Smyth again, 'Katherine was fruitful to her husband in lands and children'. She brought him estates in Gloucestershire, Wiltshire, Devon and the Welsh borders. She bore him four sons in five years. Three of them, however, died young and only John grew to manhood. He it was who founded the cadet branch at Beverstone castle. Like many men of wealth and power, Lord Thomas devoted a goodly share to the safeguarding of his soul. This took the form of founding chantries with a small permanent income for a priest to sing masses in a side chapel for the souls of Berkeley generations long dead. There were at least seven of these in the churches of Berkeley, Newport, Cambridge (Glos.), Syde, Over, Wortley. and at St Augustine's abbey in Bristol. This, of course, was established custom; but his widow was to take the founding of chantries a stage further by attaching a school.

The Berkeleys expected high standards of their chantry priests. The priest at Newport was, in return for precisely defined duties, 'Forbidden to take any further money ... as if he had been a scholar of John Wyclif. He was enjoined to 'Live chastely and honestly and not come to markets, alehouses or taverns, neither frequent plays or unlawful games'.

In view of his considerable possessions, Lord Berkeley would need his household to include a number of relatively educated men -- all entitled 'clerks' (chaplains, tutors, secretaries and agents of various kinds), most at various levels of ordination, but also for administrative and non-religious duties. His own level of education is uncertain because so much responsibility was delegated. However, like most of the nobility of his time. he would have been able to read, write and understand accounts and master some Latin to exercise staff supervision. Norman French would also be required up to about the mid-century.[1]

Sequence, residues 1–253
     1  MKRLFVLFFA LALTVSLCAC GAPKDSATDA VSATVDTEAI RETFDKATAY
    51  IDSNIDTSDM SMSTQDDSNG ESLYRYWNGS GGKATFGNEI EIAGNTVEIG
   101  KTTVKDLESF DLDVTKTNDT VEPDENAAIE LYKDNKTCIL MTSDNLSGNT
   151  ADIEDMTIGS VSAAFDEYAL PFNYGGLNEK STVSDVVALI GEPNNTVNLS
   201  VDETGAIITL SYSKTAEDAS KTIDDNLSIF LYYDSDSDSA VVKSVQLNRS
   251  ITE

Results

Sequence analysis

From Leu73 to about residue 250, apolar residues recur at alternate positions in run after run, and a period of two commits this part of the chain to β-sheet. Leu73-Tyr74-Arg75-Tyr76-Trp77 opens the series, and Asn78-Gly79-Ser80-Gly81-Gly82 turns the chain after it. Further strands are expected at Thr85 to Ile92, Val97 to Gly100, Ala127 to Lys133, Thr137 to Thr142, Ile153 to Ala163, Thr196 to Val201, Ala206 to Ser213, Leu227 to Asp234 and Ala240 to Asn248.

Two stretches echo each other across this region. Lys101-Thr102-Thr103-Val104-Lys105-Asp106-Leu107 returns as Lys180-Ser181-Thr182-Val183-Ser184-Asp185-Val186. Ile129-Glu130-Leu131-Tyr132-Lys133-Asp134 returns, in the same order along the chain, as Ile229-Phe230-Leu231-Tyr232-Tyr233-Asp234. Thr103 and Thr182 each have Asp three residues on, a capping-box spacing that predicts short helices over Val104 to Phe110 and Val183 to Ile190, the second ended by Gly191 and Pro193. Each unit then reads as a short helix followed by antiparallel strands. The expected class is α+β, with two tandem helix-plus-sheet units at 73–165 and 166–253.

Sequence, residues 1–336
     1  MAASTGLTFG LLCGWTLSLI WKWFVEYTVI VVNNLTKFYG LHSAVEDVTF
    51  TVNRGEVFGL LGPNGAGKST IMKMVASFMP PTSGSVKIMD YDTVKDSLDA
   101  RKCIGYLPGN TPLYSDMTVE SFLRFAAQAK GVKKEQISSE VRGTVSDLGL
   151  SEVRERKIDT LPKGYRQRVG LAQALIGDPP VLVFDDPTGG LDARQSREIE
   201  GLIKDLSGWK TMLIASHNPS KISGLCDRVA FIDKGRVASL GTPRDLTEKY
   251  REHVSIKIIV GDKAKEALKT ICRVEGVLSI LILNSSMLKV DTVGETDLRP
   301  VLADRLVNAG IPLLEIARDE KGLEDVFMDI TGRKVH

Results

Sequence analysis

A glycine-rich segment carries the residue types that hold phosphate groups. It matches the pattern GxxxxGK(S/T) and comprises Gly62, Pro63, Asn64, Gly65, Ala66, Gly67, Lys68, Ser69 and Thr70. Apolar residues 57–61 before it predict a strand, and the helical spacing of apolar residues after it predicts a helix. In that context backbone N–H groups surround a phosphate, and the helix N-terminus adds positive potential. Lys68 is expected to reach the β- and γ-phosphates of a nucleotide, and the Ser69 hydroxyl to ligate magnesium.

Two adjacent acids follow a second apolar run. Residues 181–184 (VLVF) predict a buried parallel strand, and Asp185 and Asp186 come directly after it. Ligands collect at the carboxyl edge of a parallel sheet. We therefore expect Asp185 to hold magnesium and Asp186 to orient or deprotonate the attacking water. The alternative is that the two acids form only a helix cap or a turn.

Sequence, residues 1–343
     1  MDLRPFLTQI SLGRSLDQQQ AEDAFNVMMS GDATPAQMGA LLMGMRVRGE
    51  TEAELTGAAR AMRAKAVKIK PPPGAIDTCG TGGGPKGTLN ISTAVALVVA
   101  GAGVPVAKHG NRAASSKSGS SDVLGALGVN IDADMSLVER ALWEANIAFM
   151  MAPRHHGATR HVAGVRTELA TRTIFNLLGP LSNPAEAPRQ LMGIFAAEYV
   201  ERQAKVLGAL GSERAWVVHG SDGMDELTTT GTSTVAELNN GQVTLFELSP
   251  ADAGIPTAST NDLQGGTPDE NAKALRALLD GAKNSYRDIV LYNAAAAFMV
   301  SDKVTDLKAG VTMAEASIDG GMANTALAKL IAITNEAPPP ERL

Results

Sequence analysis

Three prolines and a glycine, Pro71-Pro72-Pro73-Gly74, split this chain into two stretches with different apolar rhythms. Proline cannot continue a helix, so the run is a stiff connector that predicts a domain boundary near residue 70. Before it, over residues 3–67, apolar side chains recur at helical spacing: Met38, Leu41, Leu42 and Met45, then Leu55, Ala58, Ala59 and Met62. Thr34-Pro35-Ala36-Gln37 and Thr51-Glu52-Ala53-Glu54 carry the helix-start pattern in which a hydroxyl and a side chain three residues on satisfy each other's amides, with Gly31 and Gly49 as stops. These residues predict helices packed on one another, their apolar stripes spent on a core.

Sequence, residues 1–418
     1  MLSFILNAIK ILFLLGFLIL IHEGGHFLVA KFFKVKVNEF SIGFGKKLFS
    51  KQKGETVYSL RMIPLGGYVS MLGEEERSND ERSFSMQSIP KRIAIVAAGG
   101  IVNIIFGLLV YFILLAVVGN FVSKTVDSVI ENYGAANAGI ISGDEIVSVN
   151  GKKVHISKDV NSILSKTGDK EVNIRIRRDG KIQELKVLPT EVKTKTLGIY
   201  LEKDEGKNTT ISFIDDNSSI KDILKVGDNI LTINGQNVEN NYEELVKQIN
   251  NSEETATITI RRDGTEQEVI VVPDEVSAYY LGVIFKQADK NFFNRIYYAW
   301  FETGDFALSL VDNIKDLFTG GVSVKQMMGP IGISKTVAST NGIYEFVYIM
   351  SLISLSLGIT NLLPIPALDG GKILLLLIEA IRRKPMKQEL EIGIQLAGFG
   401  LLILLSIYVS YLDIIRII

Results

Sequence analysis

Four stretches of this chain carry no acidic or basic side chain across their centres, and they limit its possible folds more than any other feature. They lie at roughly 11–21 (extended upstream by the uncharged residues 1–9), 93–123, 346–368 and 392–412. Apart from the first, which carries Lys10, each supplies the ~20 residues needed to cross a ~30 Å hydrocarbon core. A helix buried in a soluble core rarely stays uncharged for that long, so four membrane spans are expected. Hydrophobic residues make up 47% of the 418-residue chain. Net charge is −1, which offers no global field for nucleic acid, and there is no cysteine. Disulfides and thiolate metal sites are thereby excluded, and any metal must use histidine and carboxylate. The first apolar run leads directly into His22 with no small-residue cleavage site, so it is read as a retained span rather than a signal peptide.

Lady Katherine must also have had skill in writing both French and English since she had lands and possessions in her own right, She survived her husband for 24 years and even went on overseas pilgrimages. It is clear that these Lords fostered an intellectual climate which would make the new grammar school almost a natural development.

The aim of Lady Katherine's foundation was threefold:

  1. Scholars must be instructed in grammar. Grammar; the Latin language, the universal medium of communication and foundation of all the liberal arts; the seven studies of the middle ages: the Trivium (Grammar, Rhetoric and Logic, studied by schools and continued at university) with four more, the Quadrivium (Arithmetic, Geometry, Astronomy and Music); and the three Philosophies: Natural, Moral, Metaphysical. The liberal arts sufficed for the career of clerk, whether priest, master or civil servant. Beyond, lay the more specialised fields of the Law, Medicine and Theology - the learned professions. The very variable standards of attainment in the smaller grammar schools can be imagined.
  2. Those who wished to study should not be deterred by cost. Those who wished to study should not have to pay; the schools would take, however, very few of the poorer children in the 15th century. Serfs or Villeins (if they still existed) could not send their sons without the Lord's consent. Most farmers, traders and small craftsmen could not send their sons without support. For many, less able and willing to undergo a long period of learning, virtually the only objective was the priesthood.
  3. The Lady Katherine's action is grounded in faith and to strengthen the church.To strengthen the church, a great number of priests was required. Piety and good works were obviously in her mind, but practical purpose is evident. The educational aim is beginning to supersede the religious one.